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Falls Church Residents Ranked the Wealthiest in Virginia

According to a study from SmartAsset released this week, Falls Church residents rank the wealthiest in Virginia. The study assessed wealth by comparing counties across three categories: the amount of investment income residents receive, total per capita income and the median home value.

Falls Church ranked number one in the state for overall wealth and median home value, with a national rank of 11 for the former rank and 9 for the latter rank. According to the SmartAsset study, the per capita investment income of Falls Church was $23,899, the median home value was $935,913, per capita income was $127,610 and the wealth index was 49.25. After Falls Church, Arlington County and Fairfax County follow in second and third place for the top 10 wealthiest localities in Virginia.

Falls Church Residents rank the wealthiest in Virginia based on investment income, median home value and total per capita income. (Photo: Kylee Toland)

This isn’t the first time Falls Church has ranked high in “wealth.” In a 2017 article by Forbes on the top 10 richest counties in America, Falls Church ranked number two, with Loudoun County ranking number one that year. In 2011, Forbes ranked Falls Church the “richest locality” in America, with Loudoun being the first runner up. Falls Church was also named the “healthiest” community in America by the U.S. News & World Report in 2018.

Steve Sabato, the senior public relations manager of SmartAsset, said the study was conducted in 2022 using “IRS data from the tax year 2019,” the most recently available data. To identify the wealthiest counties, Sabato said he and his team “compared all U.S. counties across the three metrics: investment income, home value and per capita income. They started the analysis by calculating the “Investment index” for each county by “evenly weighing” the “Ordinary Dividends”— a share of a company’s profits passed on to the shareholder periodically —, “Qualified Dividends”— dividends from shares in domestic corporations and certain qualified foreign corporations — and “Net Capital Gains”— the amount by which the net long-term capital gain for the year is more than the net short-term capital loss for the year.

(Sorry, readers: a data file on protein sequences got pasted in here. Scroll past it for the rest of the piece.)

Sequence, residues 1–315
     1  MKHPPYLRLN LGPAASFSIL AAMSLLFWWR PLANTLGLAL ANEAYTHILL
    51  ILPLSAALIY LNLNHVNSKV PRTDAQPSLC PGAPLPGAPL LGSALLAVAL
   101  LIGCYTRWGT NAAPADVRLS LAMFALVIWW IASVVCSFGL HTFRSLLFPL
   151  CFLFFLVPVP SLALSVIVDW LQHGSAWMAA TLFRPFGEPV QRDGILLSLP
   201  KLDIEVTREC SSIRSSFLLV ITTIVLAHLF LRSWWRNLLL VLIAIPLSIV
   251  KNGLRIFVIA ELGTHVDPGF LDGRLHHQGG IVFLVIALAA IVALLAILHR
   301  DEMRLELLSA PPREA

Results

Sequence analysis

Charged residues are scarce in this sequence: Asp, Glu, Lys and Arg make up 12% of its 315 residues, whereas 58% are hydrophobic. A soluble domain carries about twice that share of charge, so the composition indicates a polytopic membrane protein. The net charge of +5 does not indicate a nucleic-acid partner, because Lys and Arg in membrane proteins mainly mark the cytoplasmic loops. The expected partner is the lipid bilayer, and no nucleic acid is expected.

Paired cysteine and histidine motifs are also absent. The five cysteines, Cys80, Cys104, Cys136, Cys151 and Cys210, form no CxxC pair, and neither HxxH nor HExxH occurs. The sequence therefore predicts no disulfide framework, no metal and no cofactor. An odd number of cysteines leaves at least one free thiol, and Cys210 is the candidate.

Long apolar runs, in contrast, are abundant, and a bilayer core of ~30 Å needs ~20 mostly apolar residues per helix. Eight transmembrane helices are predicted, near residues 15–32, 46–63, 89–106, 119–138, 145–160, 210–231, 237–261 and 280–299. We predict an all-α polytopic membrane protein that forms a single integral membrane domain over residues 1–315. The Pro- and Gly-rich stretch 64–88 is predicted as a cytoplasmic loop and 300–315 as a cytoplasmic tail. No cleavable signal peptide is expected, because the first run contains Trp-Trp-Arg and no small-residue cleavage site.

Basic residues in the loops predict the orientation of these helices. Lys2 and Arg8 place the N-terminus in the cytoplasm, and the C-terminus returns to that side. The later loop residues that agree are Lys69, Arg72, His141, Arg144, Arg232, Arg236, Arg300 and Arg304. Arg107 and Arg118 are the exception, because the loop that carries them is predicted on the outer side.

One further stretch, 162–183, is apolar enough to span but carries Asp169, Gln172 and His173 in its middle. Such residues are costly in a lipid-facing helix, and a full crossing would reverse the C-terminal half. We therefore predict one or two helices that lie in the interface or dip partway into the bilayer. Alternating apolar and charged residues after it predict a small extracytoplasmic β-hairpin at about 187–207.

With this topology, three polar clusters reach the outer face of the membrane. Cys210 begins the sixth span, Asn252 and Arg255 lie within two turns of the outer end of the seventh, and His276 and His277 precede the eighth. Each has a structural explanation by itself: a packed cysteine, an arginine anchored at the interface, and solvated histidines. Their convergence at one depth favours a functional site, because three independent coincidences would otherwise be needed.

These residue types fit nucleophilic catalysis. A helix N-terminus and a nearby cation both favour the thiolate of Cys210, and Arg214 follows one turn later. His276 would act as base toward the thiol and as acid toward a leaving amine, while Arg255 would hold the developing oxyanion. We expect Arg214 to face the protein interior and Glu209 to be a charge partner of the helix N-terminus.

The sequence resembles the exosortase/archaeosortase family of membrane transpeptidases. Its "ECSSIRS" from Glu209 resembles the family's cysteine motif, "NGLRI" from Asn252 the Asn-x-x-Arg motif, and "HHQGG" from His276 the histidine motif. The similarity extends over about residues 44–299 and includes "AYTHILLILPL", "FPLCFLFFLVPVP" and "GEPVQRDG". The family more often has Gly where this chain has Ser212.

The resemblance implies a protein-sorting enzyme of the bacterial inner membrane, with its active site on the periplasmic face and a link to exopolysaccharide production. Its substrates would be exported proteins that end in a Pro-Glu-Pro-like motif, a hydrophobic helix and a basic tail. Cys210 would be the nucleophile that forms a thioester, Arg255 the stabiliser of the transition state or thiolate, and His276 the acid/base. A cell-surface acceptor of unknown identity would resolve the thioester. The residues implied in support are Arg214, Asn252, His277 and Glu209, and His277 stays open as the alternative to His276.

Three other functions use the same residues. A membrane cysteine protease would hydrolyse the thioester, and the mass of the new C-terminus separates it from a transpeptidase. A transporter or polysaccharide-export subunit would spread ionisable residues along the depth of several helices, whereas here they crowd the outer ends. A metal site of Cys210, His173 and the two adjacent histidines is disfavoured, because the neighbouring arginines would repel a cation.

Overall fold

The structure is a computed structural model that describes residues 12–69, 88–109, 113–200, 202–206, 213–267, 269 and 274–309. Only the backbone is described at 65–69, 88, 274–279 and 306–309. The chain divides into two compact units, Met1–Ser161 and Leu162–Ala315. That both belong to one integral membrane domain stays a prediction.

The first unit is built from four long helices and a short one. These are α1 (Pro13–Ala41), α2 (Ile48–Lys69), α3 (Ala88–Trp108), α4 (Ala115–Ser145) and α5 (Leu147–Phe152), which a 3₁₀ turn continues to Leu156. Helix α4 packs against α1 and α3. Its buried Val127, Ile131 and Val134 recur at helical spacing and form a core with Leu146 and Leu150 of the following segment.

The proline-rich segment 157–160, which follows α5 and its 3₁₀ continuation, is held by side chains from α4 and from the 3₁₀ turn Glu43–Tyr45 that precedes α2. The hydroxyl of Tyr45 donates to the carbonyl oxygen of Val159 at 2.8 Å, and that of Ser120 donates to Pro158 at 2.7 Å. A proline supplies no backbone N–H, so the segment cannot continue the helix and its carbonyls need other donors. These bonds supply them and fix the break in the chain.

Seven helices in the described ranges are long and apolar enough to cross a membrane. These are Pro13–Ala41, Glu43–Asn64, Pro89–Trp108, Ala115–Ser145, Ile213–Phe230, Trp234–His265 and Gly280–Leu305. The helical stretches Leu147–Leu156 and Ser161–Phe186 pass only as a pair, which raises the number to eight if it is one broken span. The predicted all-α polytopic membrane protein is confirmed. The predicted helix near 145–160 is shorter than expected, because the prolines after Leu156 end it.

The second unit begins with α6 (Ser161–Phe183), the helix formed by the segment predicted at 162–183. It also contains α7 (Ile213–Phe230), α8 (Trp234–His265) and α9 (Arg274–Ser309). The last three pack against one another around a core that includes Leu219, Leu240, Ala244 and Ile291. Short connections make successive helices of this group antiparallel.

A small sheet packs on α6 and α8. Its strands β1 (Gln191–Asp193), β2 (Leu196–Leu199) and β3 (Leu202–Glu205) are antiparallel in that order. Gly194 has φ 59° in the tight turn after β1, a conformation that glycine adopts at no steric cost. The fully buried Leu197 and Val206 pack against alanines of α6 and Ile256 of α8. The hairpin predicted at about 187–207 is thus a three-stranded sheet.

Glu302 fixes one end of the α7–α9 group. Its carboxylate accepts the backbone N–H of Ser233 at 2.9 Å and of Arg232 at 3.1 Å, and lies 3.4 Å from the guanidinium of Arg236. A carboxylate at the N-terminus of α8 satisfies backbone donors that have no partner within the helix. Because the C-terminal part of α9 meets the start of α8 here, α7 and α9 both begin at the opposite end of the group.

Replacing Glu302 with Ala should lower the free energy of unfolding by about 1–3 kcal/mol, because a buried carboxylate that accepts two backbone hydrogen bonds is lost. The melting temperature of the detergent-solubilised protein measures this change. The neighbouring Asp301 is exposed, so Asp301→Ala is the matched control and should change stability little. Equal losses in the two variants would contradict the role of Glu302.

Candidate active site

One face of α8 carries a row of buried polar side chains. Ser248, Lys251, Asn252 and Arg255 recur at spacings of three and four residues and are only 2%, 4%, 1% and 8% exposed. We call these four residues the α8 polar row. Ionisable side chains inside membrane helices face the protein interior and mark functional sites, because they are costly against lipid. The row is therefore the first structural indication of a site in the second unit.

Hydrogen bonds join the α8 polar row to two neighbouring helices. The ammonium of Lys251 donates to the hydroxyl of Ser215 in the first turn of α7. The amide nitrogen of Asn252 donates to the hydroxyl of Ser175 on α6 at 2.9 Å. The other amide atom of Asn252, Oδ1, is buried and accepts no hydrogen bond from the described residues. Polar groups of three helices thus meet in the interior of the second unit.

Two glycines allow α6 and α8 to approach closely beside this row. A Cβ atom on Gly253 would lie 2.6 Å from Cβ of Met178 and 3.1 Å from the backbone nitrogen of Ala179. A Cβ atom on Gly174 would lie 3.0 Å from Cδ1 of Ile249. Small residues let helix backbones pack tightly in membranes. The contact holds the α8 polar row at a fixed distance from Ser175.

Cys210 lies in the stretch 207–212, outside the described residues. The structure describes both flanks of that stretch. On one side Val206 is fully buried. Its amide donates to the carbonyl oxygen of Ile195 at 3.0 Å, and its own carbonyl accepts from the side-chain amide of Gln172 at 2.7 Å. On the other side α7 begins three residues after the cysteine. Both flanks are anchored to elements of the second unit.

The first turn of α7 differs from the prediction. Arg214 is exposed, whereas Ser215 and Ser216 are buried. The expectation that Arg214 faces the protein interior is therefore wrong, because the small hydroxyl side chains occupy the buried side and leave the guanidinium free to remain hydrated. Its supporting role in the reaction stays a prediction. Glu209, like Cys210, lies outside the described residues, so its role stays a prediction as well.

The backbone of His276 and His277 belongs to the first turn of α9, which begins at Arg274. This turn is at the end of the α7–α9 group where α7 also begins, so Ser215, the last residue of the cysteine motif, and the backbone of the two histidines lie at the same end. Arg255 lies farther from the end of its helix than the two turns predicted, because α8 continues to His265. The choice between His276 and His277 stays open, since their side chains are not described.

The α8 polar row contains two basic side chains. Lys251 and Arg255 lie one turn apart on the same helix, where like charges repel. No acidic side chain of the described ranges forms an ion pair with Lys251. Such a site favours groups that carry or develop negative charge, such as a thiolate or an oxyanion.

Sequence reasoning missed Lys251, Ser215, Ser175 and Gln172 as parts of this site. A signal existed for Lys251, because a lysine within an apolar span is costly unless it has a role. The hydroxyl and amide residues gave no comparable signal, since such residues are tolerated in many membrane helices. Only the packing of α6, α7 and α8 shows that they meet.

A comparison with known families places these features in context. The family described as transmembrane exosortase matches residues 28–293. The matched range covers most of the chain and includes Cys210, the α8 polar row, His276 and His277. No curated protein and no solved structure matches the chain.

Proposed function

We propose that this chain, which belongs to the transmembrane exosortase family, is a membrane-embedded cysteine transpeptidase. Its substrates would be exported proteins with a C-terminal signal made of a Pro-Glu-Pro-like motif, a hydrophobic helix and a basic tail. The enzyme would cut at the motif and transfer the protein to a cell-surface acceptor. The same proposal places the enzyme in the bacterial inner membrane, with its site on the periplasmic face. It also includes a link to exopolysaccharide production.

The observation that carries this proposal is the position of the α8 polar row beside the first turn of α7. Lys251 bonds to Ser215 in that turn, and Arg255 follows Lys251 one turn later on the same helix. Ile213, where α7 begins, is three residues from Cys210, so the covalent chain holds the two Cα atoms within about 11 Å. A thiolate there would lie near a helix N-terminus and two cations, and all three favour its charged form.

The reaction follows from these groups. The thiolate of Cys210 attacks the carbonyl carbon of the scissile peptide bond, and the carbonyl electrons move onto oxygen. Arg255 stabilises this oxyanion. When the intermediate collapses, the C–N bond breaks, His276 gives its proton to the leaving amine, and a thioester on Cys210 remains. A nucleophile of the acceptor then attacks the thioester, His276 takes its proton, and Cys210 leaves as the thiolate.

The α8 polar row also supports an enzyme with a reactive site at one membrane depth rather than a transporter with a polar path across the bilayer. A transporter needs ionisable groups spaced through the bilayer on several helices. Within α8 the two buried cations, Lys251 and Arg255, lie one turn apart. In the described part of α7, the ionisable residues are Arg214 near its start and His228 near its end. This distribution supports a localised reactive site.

From there, Sabato said the team “calculated the Median Home Value”— the middle point for real estate prices — and the “Per Capita Income”— the measure of the amount of money earned per person in a nation or geographic region— for each county and ranked them on all three metrics. The team calculated a “Wealth Index” for all U.S. counties based on a combination of the three metrics and ranked them “accordingly” to provide a “holistic view” of what areas of the U.S. are accumulating the most wealth.

No other factors went into the ranking, focusing strictly on the data and not “digging” into underlying factors surrounding “wealth generation.” Sabato said studies like these are released “to get people thinking and talking about personal finance.” In this case, Sabato said “we wanted to paint a picture of what per capita wealth looks like across state and county lines.”

Falls Church council member David Snyder stated in reaction to the news: “We are a community of hard working families.” He also said what was “missed” in the simple wealth measurement “is the fact that so many in our community work in government, for nonprofits and the private sector in public service to benefit people in this country and around the world.” People “are attracted by [Falls Church’s] high quality schools, government services, proximity to transportation infrastructure and public service jobs,” with Snyder also stating that the primary role in local government is “to provide [people] what they need to thrive so that they can contribute to the welfare of people in this country and around the world.”